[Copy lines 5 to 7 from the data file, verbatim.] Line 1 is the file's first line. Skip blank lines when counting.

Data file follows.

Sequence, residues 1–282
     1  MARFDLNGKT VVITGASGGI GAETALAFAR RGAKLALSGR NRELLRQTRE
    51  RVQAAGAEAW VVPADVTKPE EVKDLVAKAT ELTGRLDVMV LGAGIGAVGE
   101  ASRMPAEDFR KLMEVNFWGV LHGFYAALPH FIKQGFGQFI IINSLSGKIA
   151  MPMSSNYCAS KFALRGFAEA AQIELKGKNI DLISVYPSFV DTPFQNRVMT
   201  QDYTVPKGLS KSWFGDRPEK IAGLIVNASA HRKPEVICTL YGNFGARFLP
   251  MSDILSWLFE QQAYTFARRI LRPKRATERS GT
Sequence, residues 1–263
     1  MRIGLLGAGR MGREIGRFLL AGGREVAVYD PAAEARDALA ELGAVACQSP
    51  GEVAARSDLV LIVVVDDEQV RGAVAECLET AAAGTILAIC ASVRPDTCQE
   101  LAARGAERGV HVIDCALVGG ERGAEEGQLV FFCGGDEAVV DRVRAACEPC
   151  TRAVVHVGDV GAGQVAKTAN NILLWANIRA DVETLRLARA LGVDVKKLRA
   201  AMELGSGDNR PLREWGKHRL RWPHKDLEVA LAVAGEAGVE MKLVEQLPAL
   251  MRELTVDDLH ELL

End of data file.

   151  MPMSSNYCAS KFALRGFAEA AQIELKGKNI DLISVYPSFV DTPFQNRVMT
   201  QDYTVPKGLS KSWFGDRPEK IAGLIVNASA HRKPEVICTL YGNFGARFLP
   251  MSDILSWLFE QQAYTFARRI LRPKRATERS GT